81. Rockwell – “Somebody’s Watching Me” (1984)

2.16 80.boogie down

80. Eddie Kendricks – “Boogie Down” (1973)

79. Jackson 5 – “I’ll Be There” (1970)

78. Gladys Knight & the Pips – “If I Were Your Woman” (1970)

77. Commodores – “Nightshift” (1985)

76. The Temptations – “(I Know) I’m Losing You” (1966)

75. Little Stevie Wonder – “Fingertips (Part II)” (1963)

74. Marvin Gaye & Kim Westin – “It Takes Two” (1966)

73. Stevie Wonder – “For Once in My Life” (1968)

72. Smokey Robinson – “Cruisin’” (1979)

71. Marvin Gaye & Tammi Terrell – “Ain’t Nothing Like the Real Thing” (1968)

2.16 70.Neither_One_of_Us_(Wants_to_Be_the_First_to_Say_Goodbye)_-_Gladys_Knight_&_the_Pips

70. Gladys Knight & the Pips – “Neither One of Us (Wants to Be the First to Say Goodbye)” (1972)

69. Stevie Wonder – “Uptight (Everything’s Alright)” (1965)

68. Isley Brothers – “This Old Heart of Mine (Is Weak for You)” (1966)

67. Four Tops – “It’s the Same Old Song” (1965)

66. The Temptations – “Ball of Confusion (That’s What the World Is Today)” (1970)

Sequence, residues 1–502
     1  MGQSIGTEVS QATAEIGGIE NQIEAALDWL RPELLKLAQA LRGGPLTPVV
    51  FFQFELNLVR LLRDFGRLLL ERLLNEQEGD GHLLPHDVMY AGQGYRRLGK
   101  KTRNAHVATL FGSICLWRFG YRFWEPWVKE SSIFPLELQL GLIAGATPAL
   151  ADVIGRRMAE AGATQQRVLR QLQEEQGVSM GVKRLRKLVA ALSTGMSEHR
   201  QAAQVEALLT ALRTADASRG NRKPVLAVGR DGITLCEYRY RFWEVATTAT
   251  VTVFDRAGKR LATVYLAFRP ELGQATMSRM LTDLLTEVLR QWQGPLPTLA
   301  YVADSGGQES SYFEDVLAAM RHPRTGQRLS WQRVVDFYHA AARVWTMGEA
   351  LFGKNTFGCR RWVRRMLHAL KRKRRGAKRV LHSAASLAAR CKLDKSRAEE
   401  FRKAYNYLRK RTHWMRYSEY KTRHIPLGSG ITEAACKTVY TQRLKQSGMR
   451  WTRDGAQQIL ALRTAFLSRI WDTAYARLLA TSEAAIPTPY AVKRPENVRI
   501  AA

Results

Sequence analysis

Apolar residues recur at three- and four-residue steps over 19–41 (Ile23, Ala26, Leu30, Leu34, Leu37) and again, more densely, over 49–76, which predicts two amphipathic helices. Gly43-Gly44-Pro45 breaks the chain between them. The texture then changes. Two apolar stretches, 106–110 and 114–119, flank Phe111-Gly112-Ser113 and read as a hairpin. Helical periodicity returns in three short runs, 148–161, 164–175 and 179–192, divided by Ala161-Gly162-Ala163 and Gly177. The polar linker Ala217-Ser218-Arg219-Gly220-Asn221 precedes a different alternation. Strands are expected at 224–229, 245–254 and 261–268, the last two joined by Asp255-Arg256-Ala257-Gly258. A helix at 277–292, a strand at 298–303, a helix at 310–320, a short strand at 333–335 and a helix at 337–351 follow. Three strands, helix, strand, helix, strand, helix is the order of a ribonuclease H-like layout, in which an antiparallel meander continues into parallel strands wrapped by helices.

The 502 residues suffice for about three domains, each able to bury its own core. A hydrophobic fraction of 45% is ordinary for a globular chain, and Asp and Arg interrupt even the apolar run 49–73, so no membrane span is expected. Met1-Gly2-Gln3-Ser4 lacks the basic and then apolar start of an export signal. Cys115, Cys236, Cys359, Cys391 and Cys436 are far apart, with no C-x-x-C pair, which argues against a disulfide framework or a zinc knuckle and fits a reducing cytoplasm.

65. The Marvelettes – “Beechwood 4-5789” (1962)

64. Marvin Gaye – “Mercy Mercy Me (The Ecology)” (1971)

63. Dazz Band – “Let It Whip” (1982)

62. The Supremes – “Come See About Me” (1964)

61. Commodores – “Brick House” (1977)

2.16 60.master blaster

60. Stevie Wonder – “Master Blaster (Jammin’)” (1980)

59. David Ruffin – “My Whole World Ended (The Moment You Left Me)” (1969)

58. Diana Ross – “Theme from Mahogany (Do You Know Where You’re Going To)” (1975)

57. Eddie Kendricks – “Keep on Truckin’ (Part 1)” (1973)

56. Thelma Houston – “Don’t Leave Me This Way” (1976)

55. The Temptations – “I Can’t Get Next to You” (1969)

54. Gladys Knight & the Pips – “I Heard It Through the Grapevine” (1967)

53. Johnny Gill – “Rub You the Right Way” (1990)

52. David Ruffin – “Walk Away from Love” (1975)

2.16 51.three times a lady

51. Commodores – “Three Times a Lady” (1978)

I hope to finish this off this week. Peace.

Author: ifmyalbumscouldtalk

I am just a long-time music fan who used to be a high school science teacher and a varsity coach of several high school athletic teams. Before that, I worked as a medical technologist at three hospitals in their labs, mainly as a microbiologist. I am retired/disabled (Failed Back Surgery Syndrome), and this is my attempt to remain a human. Additionally, I am a serious vinyl aficionado, with a CD addiction and a love of reading about rock history. Finally, I am a fan of Prince, Cheap Trick, Tom Petty, R.E.M., Hall & Oates, Springsteen, Paul Weller & his bands and Power Pop music.